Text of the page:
the ability to provide a quick overview and its user-friendliness (see Figure 7).Consumers' Perspective Figure 6: First choice of medium for news consumption (ignoring price) The three main reasons respondents gave for their preference for traditional paper were the in-depth news coverage. The main reasons given were difficulties with reading and unfamiliarity. According to a US publisher. In addition to only 2% of all respondents rating e-paper or mobile devices as their first choice of news consumption. Figure 7: Reasons given for traditional newspapers and online sources being first choice medium for news consumption Reasons for choosing traditional paper as 1st choice Global average 30% 25% 20% 15% 10% 5% 0% 80% 70% 60% 50% Score 40% 30% 20% 10% 0% 1629 3049 5064 1630 3050 5065 1631 3051 5066 1632 3052 5067 Easy to read Quick overview In-depth news Convenient Interaction Paper Online E-paper Category Mobile device Familiar Reasons Source: PricewaterhouseCoopers newspaper consumer survey Reasons for choosing online as 1st choice Global average 30% 25% 20% 15% 10% 5% 0% This balance between print and online illustrates the challenge publishers face globally in satisfying significant numbers of readers across both platforms. the situation in developing markets is often different. as evidenced by the continuing growth in traditional newspaper circulation in India. Easy to read Convenient In-depth news Quick overview Customisable Interaction Familiar Video Reasons Source: PricewaterhouseCoopers newspaper consumer survey PricewaterhouseCoopers Other Other 17 . As noted in the previous section. the ability to balance this demand will be key to the future of his business. mobile devices are the last choice with regard to news consumption for 70% of all respondents surveyed.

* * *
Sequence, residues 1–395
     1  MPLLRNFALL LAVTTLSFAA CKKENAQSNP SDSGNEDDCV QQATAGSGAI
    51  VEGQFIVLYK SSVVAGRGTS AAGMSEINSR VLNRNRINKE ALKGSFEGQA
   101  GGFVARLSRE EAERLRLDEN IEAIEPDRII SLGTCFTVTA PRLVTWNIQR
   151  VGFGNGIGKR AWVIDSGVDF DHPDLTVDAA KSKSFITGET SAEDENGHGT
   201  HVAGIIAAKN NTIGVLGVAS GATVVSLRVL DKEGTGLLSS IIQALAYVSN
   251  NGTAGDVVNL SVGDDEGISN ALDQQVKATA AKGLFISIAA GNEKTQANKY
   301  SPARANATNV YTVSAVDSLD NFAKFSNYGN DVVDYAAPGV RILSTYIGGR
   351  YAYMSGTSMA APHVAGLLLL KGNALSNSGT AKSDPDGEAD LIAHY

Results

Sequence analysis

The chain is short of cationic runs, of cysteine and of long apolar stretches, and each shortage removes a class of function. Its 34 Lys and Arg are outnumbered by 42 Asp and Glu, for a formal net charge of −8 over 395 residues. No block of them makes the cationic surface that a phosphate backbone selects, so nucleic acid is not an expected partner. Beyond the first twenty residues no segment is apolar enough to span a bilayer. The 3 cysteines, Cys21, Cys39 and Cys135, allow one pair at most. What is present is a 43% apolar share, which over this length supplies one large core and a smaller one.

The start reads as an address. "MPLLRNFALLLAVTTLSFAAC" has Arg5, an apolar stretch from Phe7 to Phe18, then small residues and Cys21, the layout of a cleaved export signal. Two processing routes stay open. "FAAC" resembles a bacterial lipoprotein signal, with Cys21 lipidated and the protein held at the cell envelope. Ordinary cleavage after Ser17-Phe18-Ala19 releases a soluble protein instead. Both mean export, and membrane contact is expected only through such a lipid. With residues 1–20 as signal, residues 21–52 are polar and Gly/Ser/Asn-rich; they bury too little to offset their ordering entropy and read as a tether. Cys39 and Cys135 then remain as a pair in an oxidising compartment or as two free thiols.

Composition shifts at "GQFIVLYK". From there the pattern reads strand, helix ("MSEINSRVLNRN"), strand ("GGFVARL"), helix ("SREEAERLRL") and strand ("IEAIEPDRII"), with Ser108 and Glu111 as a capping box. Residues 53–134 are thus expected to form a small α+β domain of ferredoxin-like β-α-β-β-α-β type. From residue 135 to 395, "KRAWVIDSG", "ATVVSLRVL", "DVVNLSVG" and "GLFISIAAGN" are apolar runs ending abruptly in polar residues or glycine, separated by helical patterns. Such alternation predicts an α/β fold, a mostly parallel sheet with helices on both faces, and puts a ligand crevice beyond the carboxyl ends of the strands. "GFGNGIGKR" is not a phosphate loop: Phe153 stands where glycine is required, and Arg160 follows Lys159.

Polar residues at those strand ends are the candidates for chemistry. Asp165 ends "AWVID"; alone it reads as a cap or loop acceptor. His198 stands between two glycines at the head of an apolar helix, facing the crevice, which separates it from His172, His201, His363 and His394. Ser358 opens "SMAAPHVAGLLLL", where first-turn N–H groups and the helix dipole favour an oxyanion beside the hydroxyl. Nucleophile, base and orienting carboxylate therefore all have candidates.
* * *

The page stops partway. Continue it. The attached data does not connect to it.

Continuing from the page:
It is quite remarkable that the desire to receive real time. According to the survey. Respondents who favoured online also mentioned that it provided a quick overview. there may be a good market for headlines and breaking news on mobile devices. As such a small percentage of our respondents made e-paper and other mobile devices their first choice as alternatives for reading newspaper content. but the availability of video was their principal reason. (see Figure 8). It is interesting to note that the inclusion of video gives online news delivery one of the benefits of TV as a medium. as well as the ability to customise content. Figure 8: Reasons given for mobile devices and e-paper being last choice medium for news consumption Reasons for choosing Mobile Device as last choice Global average 40% 30% 20% 10% Difficult to read 0% Inconvenient Only quick overview Unfamiliar Reasons Reasons for choosing Electronic paper as last choice Global average 80% 60% 40% 20% Difficult to read Inconvenient Only quick overview Unfamiliar Reasons Source: PricewaterhouseCoopers newspaper consumer survey 18 Moving into multiple business models Other 0% Other . leading to the conclusion that these devices obviously do not serve their purpose. but this was beyond the scope of the current survey. it is perhaps more useful to look at the reasons why these were their last choice. up-to-date news (including breaking news) was not mentioned by the respondents.Older readers in particular indicated in-depth news coverage as the main reason for their preference for newspapers. the main reason why respondents select mobile devices as their last choice is that these are difficult to read. The main reason for selecting an electronic paper as a last choice was unfamiliarity with this medium. Rather than full newspaper content.